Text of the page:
When I work on a PowerPoint presentation, I keep a folder I label “source images”. So I have a copy of all the images I use, and often a few that I don’t. As I find images that I use (often historical works of art), I take a screen shot of the source (museum, web site, etc.). I usually include this information with the image on the PowerPoint slide. This way, if anything happens to the original PowerPoint file (which is backed up locally on Time Machine, a local hard drive and a remote backup service), I can reconstruct it if I need to. I also usually generate a handout, which shows the slides in order, and I save that as a PDF. This can serve as a handout to students but also as a guide, should I ever have to reconstruct a presentation.

Did you know you can search images via Google? Go to Google Images and you can drag-and-drop files into the search field, and Google will search for the image. It can’t always find what you want, but it often can. So give that a try.

Plan for the worst. Hope for the best.


On Feb 11, 2019, at 10:36 AM, Linda Feltner <[log in to unmask]> wrote:

Many thanks, Britt:
That is good to know.  I sometimes wish I could back trace the image by its original file name. But, alas, no.

Linda M. Feltner Artist LLC
P.O. Box 325, Hereford, AZ 85615
On 2/11/19 9:26 AM, Britt Griswold wrote:
[log in to unmask]" class="">
Original images can be extracted out of Keynote, but the names have been changed to an internal Keynote schema.  The sam goes for Power point, but the extraction is not user friendly and may require some terminal commands...

I think you may be able to save down both Keynote and PPT to earlier versions, but opening newer files on older programs is not going to work. As long as you have both new and old versions of the program, you can work around that stuff. You can probably live with a new version of Keynote on your laptop and an older version on your desk top as long as you have access tot he laptop to convert down when you need to.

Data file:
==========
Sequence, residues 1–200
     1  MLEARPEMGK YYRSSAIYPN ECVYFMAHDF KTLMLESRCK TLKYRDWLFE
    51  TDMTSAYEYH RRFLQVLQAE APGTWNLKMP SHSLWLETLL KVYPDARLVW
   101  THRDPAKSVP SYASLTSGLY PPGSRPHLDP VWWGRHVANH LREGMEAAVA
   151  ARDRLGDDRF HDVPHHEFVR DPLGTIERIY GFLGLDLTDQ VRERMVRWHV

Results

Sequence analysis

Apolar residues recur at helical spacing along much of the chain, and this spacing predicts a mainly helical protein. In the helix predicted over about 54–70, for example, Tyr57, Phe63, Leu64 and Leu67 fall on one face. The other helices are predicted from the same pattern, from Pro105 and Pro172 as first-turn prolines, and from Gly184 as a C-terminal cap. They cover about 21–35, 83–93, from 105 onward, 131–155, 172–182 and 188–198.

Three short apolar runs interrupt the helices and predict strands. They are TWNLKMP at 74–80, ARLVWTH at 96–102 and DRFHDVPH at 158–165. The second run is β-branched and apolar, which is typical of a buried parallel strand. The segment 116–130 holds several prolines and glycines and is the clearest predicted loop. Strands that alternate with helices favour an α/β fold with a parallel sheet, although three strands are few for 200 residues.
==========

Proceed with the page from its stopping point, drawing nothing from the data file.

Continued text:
On 2/10/19 11:12 AM, Linda Feltner wrote:
[log in to unmask]" class=""> Thank you, Britt:

I do use just the basic stuff, and I use the default font as titles which are basic page breaks for me.

Very interesting about the versions. I am considering bringing my OS up to date with the laptop, which is newer, but i hate to up the OS in the middle of job production. I just don't need the headaches. Plus that has brought on the dilemma of signing up for Office 365 or not.  

NOrmally I build the PPT on the desktop which is OS Sierra. But always during a workshop I add photos to address questions that students ask along the way. So if it won't save it "down", then I won't be able to open it on the desktop. hmmm..

I was shocked when I ran the Presenter View on PowerPOint on the laptop with High Sierra. The filmstrip along the bottom was upside down and backwards.  I like the filmstirp feature because I can look ahead and zip right to it.  

Oh, I saw where Keynote can extract the image. Cool feature, I wonder if it retains the original resolution. It doesn't seem to do that in PPT.

AND, does Keynote retain the file name of the original image. I always disliked that in PPT.  just curious.

I know, I know, I'll need to update at least the desktop OS, real soon. So I shall have to decide if I want to purchase Office 365 (phht)

Thank you very much for your advice,


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